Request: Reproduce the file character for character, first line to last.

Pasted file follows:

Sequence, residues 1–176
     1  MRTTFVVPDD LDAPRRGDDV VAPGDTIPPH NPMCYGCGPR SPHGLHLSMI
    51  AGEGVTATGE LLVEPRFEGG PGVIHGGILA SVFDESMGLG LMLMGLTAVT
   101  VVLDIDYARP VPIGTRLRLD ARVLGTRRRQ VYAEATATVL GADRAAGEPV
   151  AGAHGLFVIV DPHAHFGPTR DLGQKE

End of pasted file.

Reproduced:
Sequence, residues 1–176
     1  MRTTFVVPDD LDAPRRGDDV VAPGDTIPPH NPMCYGCGPR SPHGLHLSMI
    51  AGEGVTATGE LLVEPRFEGG PGVIHGGILA SVFDESMGLG LMLMGLTAVT
   101  VVLDIDYARP VPIGTRLRLD ARVLGTRRRQ VYAEATATVL GADRAAGEPV
   151  AGAHGLFVIV DPHAHFGPTR DLGQKE